1893 text

A villain or scoundrel; the cant term for a thief.

This text comes from a footnote on a diary entry in the 1893 edition edited by Henry B. Wheatley.

5 Annotations

First Reading

JWB  •  Link

"O Tam! had'st thou but been sae wise,
As taen thy ain wife Kate's advice!
She tauld thee weel thou was a skellum,
A blethering, blustering, drunken blellum;"

Tam o'Shanter, Burns

Gallowglass  •  Link

SKELLUM: n, (contemptuous term for a man, now sometimes playfully to a boy) a scamp, rogue, scoundrel [late 18th to 20th.] [obsolete English slang, Dutch "schelm"]

Source: The Concise Scots Dictionary 1987, pub. Aberdeen University Press

in Aqua Scripto  •  Link

Once more Sam makes history, OED: skelm 1663 PEPYS Diary 3 Apr., He ripped up Hugh Peters (calling him the execrable skellum).

Also 7 skelum, scellum, schellam, 7- skellum, skelm, 7-9 schellum, 9 skellam, 9- schelm, 20 skilum. For examples attributed to German speakers see SCHELM. [ad. Du. schelm ( m), a. G. schelm rascal, devil, pestilence, carcass, etc. (MHG. schelme, OHG. scelmo): cf. SCHELM. ON. skelmir, Da. skelm, Sw. skälm are from LG.]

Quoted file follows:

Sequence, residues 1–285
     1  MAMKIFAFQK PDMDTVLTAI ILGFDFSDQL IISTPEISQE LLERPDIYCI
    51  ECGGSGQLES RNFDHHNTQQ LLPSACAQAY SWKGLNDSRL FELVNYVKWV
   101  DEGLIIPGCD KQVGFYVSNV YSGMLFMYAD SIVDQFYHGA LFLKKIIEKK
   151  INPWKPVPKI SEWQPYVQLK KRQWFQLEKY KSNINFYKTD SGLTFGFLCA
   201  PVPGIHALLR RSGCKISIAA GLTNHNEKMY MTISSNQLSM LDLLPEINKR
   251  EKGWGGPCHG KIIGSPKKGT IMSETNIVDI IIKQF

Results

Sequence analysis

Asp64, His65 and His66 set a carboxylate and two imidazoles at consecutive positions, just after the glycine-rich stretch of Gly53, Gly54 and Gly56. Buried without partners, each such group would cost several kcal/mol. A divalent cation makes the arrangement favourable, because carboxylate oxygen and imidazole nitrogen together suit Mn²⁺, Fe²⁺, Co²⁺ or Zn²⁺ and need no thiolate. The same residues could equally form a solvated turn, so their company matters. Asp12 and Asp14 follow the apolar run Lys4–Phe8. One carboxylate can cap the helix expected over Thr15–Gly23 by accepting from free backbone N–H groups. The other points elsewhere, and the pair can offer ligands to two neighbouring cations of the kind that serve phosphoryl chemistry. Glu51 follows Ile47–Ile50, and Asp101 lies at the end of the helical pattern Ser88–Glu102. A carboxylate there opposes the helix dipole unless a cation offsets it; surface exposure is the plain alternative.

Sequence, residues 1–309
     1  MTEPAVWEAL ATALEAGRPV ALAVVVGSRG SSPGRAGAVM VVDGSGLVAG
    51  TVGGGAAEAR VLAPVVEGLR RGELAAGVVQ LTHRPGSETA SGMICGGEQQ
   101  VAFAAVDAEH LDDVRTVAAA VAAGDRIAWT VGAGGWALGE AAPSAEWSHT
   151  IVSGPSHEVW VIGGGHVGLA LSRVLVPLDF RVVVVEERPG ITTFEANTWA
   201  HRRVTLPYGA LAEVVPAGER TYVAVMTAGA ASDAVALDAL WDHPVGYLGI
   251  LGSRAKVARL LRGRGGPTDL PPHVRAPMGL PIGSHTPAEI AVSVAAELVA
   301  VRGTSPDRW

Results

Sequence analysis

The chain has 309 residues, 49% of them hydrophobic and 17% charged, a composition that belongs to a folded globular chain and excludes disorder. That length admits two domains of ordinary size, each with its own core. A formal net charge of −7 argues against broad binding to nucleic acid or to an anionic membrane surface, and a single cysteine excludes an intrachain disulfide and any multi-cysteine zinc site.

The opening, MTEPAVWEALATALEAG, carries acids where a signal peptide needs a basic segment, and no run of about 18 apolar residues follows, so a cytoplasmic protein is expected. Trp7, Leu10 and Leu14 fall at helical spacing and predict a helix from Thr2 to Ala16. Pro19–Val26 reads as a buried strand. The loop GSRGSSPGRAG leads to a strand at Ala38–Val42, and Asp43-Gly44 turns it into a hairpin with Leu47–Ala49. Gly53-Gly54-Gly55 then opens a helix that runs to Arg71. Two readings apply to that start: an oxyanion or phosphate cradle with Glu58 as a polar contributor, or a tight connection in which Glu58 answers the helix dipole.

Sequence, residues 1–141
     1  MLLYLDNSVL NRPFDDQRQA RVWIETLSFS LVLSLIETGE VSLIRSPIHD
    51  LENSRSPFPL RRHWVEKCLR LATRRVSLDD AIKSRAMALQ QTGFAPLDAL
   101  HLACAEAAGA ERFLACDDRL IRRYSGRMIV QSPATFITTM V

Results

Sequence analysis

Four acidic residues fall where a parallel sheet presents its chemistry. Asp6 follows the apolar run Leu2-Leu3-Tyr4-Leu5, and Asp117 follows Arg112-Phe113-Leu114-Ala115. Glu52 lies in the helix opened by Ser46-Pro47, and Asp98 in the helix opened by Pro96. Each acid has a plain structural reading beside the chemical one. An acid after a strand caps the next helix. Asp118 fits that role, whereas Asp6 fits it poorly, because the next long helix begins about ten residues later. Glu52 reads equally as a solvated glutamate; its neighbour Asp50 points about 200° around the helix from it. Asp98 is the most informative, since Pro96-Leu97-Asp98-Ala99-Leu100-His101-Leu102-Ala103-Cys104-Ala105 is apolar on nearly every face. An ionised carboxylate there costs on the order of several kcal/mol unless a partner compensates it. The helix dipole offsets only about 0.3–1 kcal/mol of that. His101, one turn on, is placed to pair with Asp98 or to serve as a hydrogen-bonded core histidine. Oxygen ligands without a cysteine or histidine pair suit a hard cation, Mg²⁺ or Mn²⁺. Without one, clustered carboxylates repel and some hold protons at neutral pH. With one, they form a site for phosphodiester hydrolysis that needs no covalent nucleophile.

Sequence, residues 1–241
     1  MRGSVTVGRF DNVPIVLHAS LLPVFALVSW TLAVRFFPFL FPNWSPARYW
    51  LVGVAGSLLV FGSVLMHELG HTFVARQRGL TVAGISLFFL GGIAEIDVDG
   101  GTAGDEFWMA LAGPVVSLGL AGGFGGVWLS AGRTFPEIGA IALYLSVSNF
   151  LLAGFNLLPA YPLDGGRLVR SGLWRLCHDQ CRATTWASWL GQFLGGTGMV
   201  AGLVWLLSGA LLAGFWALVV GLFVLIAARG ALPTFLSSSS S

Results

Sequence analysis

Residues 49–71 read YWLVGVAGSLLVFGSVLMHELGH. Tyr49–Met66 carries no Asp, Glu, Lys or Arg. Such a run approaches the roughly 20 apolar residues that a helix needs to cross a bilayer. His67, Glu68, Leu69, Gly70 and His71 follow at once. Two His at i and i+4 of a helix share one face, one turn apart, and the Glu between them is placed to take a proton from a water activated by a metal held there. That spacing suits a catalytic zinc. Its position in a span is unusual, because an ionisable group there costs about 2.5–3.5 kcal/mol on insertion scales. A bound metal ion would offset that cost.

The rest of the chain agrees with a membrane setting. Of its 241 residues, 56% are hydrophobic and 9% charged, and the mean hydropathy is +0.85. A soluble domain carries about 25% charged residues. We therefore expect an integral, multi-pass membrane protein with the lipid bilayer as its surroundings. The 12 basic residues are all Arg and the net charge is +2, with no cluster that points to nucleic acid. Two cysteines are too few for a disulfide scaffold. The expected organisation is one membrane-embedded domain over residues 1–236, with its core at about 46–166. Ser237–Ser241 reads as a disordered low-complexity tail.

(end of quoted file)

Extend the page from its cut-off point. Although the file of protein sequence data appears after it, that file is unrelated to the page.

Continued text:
A. n.
1. A rascal, scamp, scoundrel, villain. Now arch. (except in S. Afr.).

1611 B. JONSON Coryat's Crudities Introd. Verses, Going to steal 'em He findeth soure graspes and gripes from a Dutch Skelum.

Second Reading

Alistair J. Sinclair  •  Link

It is primarily a Scottish word:
Samuel Pepys' Diary - Friday 3 April 1663:
"Dr. Creeton,[Robert Creighton] the Scotchman, . . . ripped up Hugh Peters (calling him the execrable skellum), his preaching and stirring up the maids of the city to bring in their bodkins and thimbles."

Bill  •  Link

A SKELLUM, a Rogue.
---An Universal English Dictionary. N. Bailey, 1724.

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Chart showing the number of references in each month of the diary’s entries.


  • Apr